May issue 2002
The invention of photography sent shock waves through the western art world by challenging accepted views of perception. Its emergence not only played an integral role in bringing about impressionism but also later led to the decline of modernism. From then onwards, the medium evolved in leaps and bounds, leading to a greater variety of sophisticated methods and techniques.
In Pakistan, however, the role of photography as a medium of expression has been seriously undermined. Only in the last decade or so has the focus shifted from its purely functional aspect to exploring its creative potential. The last few years in particular, have seen a rise both in the number of photography shows as well as the emerging talent in this multi-faceted field.
Last year, painter and fashion photographer, Tapu Javeri, curated a photography exhibition, which highlighted the work of both pioneers and unknown photographers, at the Arts Council, Karachi. Last month, the Arts Council once again hosted a photography show organised by the Pakistan National Council of the Arts, titled, “An Idea of Perfection.” The show was curated by the Islamabad-based photographer and art critic, Aasim Akhtar. This exhibition was first held at the Al-Hamra in Lahore and will continue in Karachi till May 20.
While the exhibit included the work of critically acclaimed photographers like Ayesha Vellani, Amean Jan and Farah Mahbub, its larger purpose was to introduce fresh talent like Deeba Yunis, Umer Farooq, Izdeyar Sethna and Shalalae Jamil and expose audiences to competent and experienced photographers like Pervez Khan and Azmat Kamal, who rarely display their work. According to Aasim, photographers like Shamyl Khuhro, who are fairly well known in Karachi, were virtually unheard of in Lahore until their work was recently displayed there, in this show.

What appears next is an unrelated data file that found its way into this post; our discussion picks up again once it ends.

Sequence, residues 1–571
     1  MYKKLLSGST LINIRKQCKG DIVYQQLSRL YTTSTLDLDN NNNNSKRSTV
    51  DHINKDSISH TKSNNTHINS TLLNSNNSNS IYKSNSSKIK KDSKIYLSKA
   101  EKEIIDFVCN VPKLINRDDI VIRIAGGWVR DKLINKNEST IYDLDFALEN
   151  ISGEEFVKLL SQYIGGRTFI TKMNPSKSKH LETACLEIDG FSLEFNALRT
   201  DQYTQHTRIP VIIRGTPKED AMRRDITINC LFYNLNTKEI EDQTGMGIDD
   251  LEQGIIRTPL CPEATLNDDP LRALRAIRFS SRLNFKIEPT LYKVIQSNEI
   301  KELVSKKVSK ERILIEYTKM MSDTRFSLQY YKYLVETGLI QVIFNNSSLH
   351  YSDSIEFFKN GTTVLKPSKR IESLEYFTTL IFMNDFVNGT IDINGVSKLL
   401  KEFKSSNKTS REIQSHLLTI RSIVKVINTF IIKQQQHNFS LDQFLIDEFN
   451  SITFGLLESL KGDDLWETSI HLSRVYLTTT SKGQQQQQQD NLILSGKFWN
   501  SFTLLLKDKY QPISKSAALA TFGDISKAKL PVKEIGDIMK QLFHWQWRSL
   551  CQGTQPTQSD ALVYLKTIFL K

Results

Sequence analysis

The exhibition offered a broad spectrum of techniques and genres, ranging from documentary photographers like Shehzad Noorani and Tehmina Ahmed to fashion photographers like Zubair Ansari. While photographers like Pervez Khan and Javaid Khan exploited conventional methods to produce beautiful silver gelatin and C-type prints, others like Aftab Ahmed, Nisar Mirza and Shalalae Jamil got pleasing results by exploring the Sabattier effect and digitally manipulating their images.
The dreamy landscapes of Mujahid Ahmed, Pervez Khan, Javaid Khan, Nisar Mirza and Rabiya Ezdi evoked strong emotional responses, recalling the past glory of pictorialists like Alfred Steiglitz and the celebrated American photographer, Ansel Adams. Other eye-catching entries were contributed by the Islamabad-based photographer, Umer Farooq, the Lahore-based ophthalmologist, Azmat Kamal and British photographer, Malcolm Hutcheson.
On the whole, the show, in the words of its curator, was intended to, “show the richness, originality and variety of hitherto unknown work. Its aim was to pay tribute to the vision of photographers, to understand how they operate and to enjoy their encounters, be they fortuitous, sought-out or simply made up from start to finish.” For those of you who haven’t been able to take time out for it, the show is a must see, as it is not only educative but also a visual treat.